“How do you read? Do you recognize patterns in front of you, or do you sound out the words in your head?”
This is a question I’ve asked several people after reading the preview copy of Bezkamp, a new graphic novel by Samuel Sattin and Jen Hickman, and it’s one that’s made reviewing the work quite difficult. Honestly, I’m incredibly conflicted about Bezkamp; on one hand, the artwork is phenomenal, and the sci-fi world feels unique and new and drew me in… But then the dialogue kept trying to kick me out.
The story follows Nem, a resident of Bezkamp and self-proclaimed excavator in a world which has lost its history. Though he comes from a family of “waryors,” he doesn’t possess the rage or the “fyre” of his kin. Eventually, his father decides enough is enough, destroys his collection of forbidden knowledge (books), and declares he’ll become a warrior, or he’ll die trying.
Nem’s relationship with his father, his family, and later Janny of the Crig land, was well executed throughout the book. To be honest, almost every story element was handled well. The world building and the sci-fi was excellent, felt original, and the colorful art really drew me in. Other than an ending that felt a bit rushed, the story gets high marks from me.
The problem for me was the dialogue, more specifically the constant use of phonetic accents within the dialogue. Now, if you look at the sample pages here, and you think “I can read that just fine,” then I wholly encourage you to get this work, because this is my sole problem with it.
Unfortunately, for me, it’s also a major one. I don’t read phonetically, and from the informal poll I’ve done, most other people don’t either. Because of that, reading Bezkamp was challenging for me, and made it difficult to get immersed in the world, since I’d constantly have to pull myself out of the world to go, “Wait, what did they just say?”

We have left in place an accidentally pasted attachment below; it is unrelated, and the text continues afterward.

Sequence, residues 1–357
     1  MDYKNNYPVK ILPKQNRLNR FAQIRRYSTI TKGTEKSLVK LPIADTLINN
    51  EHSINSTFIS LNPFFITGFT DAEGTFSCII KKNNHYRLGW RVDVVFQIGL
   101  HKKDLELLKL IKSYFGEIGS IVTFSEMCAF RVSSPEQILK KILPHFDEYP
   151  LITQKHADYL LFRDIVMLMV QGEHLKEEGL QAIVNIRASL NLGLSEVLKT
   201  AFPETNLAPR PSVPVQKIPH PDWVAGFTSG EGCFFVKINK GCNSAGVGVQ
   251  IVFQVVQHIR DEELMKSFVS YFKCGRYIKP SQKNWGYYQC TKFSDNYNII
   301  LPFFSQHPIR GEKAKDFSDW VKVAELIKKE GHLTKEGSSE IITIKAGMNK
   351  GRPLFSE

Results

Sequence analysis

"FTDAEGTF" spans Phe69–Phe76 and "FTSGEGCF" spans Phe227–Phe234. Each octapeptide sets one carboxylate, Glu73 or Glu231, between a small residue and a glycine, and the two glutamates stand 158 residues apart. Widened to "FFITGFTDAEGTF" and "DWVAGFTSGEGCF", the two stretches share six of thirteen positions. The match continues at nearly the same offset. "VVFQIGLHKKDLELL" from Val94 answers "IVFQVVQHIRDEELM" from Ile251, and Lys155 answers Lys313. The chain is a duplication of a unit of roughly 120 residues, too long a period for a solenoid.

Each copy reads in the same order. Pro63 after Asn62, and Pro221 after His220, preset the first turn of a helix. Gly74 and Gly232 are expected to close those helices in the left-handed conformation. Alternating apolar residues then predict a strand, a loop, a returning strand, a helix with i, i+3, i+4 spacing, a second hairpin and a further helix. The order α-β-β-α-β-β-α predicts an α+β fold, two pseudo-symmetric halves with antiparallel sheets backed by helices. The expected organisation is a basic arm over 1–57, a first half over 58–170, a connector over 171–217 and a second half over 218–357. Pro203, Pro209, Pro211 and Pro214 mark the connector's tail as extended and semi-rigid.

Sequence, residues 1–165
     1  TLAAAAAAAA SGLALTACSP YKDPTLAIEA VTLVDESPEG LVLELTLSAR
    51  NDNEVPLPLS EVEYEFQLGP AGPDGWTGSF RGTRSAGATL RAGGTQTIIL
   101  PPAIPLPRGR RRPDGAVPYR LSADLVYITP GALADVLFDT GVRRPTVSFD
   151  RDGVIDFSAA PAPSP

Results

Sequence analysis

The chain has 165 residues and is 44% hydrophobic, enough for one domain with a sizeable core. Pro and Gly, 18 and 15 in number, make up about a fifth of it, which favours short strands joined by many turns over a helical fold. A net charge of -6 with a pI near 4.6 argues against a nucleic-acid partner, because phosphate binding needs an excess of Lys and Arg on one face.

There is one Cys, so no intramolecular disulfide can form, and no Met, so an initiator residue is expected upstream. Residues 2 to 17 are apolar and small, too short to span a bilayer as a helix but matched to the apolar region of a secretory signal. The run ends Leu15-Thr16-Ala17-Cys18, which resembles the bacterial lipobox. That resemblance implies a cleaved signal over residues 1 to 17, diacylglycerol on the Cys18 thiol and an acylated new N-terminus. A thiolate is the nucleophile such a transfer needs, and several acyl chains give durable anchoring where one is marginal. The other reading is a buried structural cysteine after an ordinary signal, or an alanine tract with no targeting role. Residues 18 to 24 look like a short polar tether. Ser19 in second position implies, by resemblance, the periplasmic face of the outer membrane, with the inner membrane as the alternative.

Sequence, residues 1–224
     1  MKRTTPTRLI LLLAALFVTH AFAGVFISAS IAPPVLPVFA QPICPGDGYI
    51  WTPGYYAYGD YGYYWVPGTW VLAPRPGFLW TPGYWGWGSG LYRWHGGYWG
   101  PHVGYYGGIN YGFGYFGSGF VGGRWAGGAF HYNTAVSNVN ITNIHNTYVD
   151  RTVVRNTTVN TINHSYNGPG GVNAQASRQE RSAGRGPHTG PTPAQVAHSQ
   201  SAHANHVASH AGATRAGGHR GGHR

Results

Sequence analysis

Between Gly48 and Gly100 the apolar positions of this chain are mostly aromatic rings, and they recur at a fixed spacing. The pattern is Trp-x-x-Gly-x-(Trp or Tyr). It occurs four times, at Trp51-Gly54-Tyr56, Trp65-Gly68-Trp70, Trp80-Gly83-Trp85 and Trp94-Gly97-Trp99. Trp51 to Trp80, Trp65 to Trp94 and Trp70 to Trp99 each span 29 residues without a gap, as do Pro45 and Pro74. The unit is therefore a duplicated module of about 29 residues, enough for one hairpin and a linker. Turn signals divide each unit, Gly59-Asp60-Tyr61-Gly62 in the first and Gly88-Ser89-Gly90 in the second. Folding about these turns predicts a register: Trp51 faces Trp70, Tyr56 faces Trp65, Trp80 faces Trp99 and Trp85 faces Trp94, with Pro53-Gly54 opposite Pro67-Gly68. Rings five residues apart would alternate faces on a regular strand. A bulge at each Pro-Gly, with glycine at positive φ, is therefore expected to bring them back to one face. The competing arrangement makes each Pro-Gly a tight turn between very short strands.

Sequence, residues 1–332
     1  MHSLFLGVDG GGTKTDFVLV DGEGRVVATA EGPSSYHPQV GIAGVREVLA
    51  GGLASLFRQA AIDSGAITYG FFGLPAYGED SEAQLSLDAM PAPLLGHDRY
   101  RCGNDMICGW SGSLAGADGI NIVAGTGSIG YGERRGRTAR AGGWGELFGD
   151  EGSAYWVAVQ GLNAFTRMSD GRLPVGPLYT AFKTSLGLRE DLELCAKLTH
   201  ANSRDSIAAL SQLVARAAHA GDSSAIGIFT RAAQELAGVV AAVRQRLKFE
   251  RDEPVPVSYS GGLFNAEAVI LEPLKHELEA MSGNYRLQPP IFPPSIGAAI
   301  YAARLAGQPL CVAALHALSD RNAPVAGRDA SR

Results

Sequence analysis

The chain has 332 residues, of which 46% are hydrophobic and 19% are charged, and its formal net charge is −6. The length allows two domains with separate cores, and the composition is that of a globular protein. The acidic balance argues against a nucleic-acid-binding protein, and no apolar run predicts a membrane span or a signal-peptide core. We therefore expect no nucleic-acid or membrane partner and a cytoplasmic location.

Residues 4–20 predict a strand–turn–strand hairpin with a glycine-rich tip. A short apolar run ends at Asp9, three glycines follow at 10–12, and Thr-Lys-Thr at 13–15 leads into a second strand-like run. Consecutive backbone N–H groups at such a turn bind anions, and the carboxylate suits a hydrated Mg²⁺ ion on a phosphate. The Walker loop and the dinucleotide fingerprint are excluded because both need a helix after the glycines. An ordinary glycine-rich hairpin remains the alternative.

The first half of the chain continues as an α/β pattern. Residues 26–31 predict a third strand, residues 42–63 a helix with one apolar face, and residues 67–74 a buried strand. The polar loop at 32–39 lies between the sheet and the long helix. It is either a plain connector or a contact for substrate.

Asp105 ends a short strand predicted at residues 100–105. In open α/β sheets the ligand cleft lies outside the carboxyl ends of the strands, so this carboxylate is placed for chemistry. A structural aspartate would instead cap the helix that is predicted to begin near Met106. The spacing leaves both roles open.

Louise Harnby, a proofreader, has a wonderful blog post about this exact issue. As she explains, “The best novels make us forget we’re reading them. We’re so immersed in the story that we don’t notice we’re processing words on a page.” She argues that the constant use of a phonetic accent can block the reader from every becoming immersed, and cites this wonderful passage from Howard Mittelmark and Sandra Newman’s guide How Not to Write a Novel:
“No matter how good an ear you have, and how perfectly you’ve captured it, it soon becomes a task to read. The reader is forced to sound out each word, like somebody studying ESL, and will soon grow impatient. Instead, one or two well-placed words sprinkled throughout are enough to flavour the whole thing.”
And that quote nails it—while, with time, reading Bezkamp got easier as I got accustomed to the style, if the art wasn’t excellent (and I wasn’t reviewing), I’m not sure I would have made it to that stage.
Which, again, is a shame, because I want to love this book. It’s an interesting story. And if it ever gets a reprint where they tone down the dialogue accents, it would be an automatic purchase from me. But, in its current form, I recommend you go to your local comics shop, look at a few pages, and try (to read) before you buy.
This post was last modified on October 14, 2019 11:03 pm
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